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Everything Tony Vitello, Kavares Tears and Kirby Connell said on Texas A&M ahead of CWS Finals

On3 imageby:Eric Cain06/21/24

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Tennessee Baseball Cws Finals Media Day As Vols Preview Texas A&m

OMAHA, Neb. — Tennessee baseball took part in Media Day on Friday ahead of the College World Series Finals against Texas A&M as skipper Tony Vitello, pitcher Kirby Connell and outfielder Kavares Tears answered questions from the media on hand.

Below is a written transcript from the Media Day press conference.

TONY VITELLO: We’re fortunate. Obviously gotta get some breaks along the way. The old cliché, you’ve got to make your own breaks, too. So whatever combination it’s been, we’ll take it. I know one ingredient, combination, whatever you want to call it, has been our fan base has been phenomenal. So looking forward to seeing those folks here.

I know some of them we can help with tickets and others are paying grossly high prices, but I guess that’s kind of the deal here. Again, fortunate to even have the opportunity to be here.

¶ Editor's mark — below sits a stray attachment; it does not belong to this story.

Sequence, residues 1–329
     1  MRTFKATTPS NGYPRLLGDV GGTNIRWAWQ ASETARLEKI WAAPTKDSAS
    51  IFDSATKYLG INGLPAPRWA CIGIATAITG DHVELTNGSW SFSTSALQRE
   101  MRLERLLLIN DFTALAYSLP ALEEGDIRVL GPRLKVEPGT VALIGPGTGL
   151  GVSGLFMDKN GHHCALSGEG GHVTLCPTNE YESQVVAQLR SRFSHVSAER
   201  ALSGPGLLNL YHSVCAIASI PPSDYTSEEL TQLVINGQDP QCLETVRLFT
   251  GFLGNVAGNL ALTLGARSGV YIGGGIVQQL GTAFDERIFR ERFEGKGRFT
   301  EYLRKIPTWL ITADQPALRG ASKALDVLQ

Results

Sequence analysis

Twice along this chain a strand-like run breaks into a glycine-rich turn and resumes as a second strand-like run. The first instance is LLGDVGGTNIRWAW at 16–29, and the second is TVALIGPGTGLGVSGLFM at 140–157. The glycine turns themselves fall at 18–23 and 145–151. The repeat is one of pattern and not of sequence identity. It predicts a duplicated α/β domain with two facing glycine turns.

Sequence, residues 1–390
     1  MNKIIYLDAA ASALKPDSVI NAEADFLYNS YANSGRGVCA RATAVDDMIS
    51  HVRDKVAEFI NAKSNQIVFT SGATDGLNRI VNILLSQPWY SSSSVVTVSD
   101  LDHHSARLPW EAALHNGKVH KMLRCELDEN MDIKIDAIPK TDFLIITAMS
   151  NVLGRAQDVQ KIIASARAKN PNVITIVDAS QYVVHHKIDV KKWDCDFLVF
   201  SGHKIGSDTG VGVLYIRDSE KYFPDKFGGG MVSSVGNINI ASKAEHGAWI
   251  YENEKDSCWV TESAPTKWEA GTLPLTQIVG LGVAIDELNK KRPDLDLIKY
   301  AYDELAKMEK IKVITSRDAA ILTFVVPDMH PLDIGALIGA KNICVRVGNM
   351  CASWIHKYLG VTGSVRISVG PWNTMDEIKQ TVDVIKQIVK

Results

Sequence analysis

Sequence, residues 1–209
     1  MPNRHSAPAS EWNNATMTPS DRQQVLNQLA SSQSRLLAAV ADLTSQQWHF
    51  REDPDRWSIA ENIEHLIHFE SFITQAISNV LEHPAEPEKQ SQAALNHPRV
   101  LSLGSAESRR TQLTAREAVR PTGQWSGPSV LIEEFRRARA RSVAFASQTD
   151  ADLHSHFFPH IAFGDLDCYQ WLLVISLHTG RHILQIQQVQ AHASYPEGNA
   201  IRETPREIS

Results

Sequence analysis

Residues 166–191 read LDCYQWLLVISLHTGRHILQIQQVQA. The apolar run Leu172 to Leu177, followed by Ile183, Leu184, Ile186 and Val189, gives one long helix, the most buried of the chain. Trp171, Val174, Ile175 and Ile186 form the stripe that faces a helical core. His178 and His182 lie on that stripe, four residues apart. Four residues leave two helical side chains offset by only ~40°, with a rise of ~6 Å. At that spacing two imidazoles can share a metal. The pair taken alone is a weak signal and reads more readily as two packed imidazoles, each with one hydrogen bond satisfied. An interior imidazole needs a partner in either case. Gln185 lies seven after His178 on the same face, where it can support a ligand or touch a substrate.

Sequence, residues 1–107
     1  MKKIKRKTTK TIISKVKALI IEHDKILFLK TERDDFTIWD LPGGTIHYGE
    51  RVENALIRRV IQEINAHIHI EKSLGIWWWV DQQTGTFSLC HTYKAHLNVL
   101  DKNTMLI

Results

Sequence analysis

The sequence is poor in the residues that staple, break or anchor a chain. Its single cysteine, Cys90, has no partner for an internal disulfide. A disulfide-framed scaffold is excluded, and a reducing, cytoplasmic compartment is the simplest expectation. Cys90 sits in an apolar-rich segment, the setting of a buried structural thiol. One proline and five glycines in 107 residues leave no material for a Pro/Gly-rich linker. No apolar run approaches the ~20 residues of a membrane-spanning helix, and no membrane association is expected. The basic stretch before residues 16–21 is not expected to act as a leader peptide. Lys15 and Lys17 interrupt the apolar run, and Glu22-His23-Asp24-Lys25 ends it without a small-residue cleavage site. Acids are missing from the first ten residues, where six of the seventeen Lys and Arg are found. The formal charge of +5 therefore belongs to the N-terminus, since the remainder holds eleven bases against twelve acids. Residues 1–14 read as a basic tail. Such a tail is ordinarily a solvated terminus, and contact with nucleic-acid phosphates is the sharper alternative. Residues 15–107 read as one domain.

And as far as where we’re at, I think we talked as a group before the season, and there were a few things we wanted to accomplish. But one thing in the back of my mind was I like this group enough, I’d like to be around them as long as possible.

Maybe there’s a cut-off point somewhere. But we’ve kind of reached that as it relates to getting as much hang-out time as possible with this group.

Q. Kirby, I’m curious, what was it like facing Tennessee in y’all’s lineup back in the fall?

KIRBY CONNELL: It was definitely hard. You’ve got a lot of guys, 1 through 9, and you’ve got all the guys that helped them get to where they’re at right now.

But, no, it was tricky. You can’t throw them anything because you know they can leave the yard whenever they want. You’re trying to help yourself out in the fall because you want to be able to throw in the spring.

Q. Kirby and Kavares, it’s kind of a two-part thing. Just the camaraderie of your ballclub from fall ball to this point, maybe you could comment on that. And then just as student-athletes and fans of the game, what do you like about A&M and their style of play as far as competing for the championship?